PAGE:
Bells in public spaces across the nation rang at 2:15 p.m. Thursday to celebrate the 150th anniversary of the symbolic end to the Civil War, when Confederate Gen. Robert E. Lee surrendered to Union Lt. Gen. Ulysses S. Grant.

It was an unfortunate day for the bells at Our Lady of Lourdes Catholic Church in Minneapolis to falter. Onlookers stood faithfully waiting for the bells to chime until about 2:25 p.m., when it was determined the day would be celebrated in silence.

William Crowder, dressed in a traditional bugler uniform, played taps in front of the church as the small crowd disbanded.

Gov. Mark Dayton asked Minnesotans to commemorate the day with four minutes of bell ringing — one minute for every year the Civil War lasted.

“Minnesota’s Civil War veterans fought courageously, and made great sacrifices to preserve our Union,” Dayton said in a news release.

Lee surrendered after Union troops cornered the Confederates in the Appomattox Court House. Lee had tried to break through a Union force that he assumed consisted only of cavalry, but once Lee realized the cavalry was backed by infantry, he was forced to surrender.

The news of Lee’s surrender reached Minnesota on April 13, 1865. “Rejoice!” the St. Cloud Democrat’s front page read, “the day of jubilee has come!”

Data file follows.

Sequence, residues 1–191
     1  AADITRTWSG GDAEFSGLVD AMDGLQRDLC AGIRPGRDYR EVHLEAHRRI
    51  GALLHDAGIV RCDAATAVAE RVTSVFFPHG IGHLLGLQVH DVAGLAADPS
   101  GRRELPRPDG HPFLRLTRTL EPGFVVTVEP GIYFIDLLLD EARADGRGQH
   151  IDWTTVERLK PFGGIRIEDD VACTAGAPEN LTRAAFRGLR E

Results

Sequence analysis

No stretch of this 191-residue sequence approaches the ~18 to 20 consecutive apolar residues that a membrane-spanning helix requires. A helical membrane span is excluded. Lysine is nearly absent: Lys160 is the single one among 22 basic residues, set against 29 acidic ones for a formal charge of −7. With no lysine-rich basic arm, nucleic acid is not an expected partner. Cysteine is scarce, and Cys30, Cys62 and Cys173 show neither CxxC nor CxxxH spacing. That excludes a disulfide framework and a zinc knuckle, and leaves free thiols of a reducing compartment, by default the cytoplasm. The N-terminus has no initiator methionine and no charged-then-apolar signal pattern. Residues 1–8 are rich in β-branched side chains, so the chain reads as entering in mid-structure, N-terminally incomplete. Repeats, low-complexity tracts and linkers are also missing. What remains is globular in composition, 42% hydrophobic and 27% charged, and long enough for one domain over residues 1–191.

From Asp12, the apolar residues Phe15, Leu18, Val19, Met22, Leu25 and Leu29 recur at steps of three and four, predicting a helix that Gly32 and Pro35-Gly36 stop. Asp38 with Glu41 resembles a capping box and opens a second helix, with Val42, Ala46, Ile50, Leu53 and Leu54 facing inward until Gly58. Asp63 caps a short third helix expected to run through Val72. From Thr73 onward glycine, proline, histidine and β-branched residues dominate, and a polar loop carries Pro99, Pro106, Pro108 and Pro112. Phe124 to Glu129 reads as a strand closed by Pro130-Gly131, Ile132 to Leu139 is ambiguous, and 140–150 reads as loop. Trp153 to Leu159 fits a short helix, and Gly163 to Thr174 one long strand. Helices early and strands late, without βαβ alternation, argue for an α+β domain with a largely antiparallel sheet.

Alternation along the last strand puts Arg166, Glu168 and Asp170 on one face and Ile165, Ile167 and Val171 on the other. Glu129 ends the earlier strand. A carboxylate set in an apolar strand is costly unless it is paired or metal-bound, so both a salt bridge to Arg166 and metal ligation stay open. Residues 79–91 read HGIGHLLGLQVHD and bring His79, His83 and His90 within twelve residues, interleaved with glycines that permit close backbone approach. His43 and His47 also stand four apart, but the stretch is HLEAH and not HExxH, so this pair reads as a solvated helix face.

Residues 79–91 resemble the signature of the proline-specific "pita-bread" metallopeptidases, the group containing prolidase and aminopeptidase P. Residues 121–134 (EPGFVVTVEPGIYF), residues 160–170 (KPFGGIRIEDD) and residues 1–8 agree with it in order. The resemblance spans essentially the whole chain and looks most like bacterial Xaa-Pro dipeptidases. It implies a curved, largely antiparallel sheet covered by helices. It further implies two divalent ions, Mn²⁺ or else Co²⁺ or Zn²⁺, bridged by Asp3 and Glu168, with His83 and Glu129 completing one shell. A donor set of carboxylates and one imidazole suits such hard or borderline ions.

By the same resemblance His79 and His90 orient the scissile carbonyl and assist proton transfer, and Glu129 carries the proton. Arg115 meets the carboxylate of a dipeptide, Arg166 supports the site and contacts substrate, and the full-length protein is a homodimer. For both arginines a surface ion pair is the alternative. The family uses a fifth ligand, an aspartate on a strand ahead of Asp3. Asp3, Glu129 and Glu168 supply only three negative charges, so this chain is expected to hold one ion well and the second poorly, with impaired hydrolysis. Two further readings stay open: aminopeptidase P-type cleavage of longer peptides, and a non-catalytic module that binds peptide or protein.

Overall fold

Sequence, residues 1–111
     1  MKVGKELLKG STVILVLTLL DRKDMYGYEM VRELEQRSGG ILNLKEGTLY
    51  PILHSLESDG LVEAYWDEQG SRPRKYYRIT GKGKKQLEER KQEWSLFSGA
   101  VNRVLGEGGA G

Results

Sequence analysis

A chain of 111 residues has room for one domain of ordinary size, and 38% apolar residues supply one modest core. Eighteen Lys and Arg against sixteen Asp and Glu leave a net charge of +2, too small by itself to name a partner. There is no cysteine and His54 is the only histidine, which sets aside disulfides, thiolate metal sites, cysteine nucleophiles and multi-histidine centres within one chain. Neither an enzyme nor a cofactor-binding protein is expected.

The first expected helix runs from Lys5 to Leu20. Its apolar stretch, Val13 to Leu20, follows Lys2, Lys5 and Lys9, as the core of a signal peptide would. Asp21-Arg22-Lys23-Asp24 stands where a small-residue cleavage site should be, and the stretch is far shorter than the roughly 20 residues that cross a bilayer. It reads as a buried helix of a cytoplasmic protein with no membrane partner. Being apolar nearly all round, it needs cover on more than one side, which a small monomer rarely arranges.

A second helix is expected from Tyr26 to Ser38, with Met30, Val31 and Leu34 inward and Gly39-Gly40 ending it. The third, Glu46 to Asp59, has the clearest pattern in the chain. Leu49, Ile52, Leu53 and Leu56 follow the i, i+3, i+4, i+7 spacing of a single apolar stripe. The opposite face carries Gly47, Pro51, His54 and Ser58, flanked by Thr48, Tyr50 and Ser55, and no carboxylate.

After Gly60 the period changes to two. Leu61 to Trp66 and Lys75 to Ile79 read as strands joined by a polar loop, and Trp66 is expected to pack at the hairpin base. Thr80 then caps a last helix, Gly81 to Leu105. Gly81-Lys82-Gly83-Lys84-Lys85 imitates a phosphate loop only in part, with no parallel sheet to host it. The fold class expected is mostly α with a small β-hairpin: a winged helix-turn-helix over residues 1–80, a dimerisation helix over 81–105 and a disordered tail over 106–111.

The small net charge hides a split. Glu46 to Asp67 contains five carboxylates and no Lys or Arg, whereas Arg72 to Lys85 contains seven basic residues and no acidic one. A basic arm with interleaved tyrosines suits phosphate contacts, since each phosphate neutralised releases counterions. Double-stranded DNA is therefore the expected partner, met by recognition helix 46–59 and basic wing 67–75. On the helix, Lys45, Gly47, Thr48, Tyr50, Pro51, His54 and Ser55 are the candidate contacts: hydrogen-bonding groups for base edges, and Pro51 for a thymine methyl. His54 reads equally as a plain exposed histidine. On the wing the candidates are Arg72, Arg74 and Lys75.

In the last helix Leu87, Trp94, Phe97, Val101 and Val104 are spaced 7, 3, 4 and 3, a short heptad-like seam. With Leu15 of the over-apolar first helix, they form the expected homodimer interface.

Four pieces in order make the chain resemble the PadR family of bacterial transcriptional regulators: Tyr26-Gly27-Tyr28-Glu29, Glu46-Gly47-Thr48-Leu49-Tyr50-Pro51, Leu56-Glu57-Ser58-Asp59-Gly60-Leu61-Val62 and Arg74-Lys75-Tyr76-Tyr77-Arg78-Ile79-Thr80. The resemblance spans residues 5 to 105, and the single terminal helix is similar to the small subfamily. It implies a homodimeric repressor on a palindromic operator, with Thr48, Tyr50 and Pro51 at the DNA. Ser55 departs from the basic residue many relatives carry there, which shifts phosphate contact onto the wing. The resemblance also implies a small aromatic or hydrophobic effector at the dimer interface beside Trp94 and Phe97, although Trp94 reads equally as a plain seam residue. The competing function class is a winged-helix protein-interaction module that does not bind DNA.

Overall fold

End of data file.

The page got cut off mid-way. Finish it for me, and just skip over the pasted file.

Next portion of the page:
Correspondence between Lee and Grant leading up to Lee’s surrender was printed on the Democrat’s front page, including a letter from Grant on April 8 urging Lee to comply with the terms of the surrender.

“The terms upon which peace can be had are well understood by the South,” a note printed in the paper read. “The laying down arms by your army will hasten that most desirable event, save thousands of human lives and hundreds of millions of property not yet destroyed.”

Among the news announcement were several advertisements, including one for Morton’s Gold Pens, which was accompanied by a slogan, “the pen is mightier than the sword,” and an ad for an eating house that offered oysters and pigs feet.

On Thursday, new Civil War stamps were unveiled at a ceremony at Our Lady of Lourdes before the unsuccessful bell ringing. Speakers from the Minnesota Civil War Commemoration Task Force, the Mississippi National River and Recreation Area and other groups helped celebrate the anniversary.

“[Today] will not only commemorate an event in our past, it will remind us that the fight for civil rights is still playing out across America,” said recreation area Superintendent John Anfinson.

And as for the poor performance of the 132-year-old bell, there’s always the 151st anniversary.


The Associated Press contributed to this report.

Anne Millerbernd is a University of Minnesota student on assignment for the Star Tribune.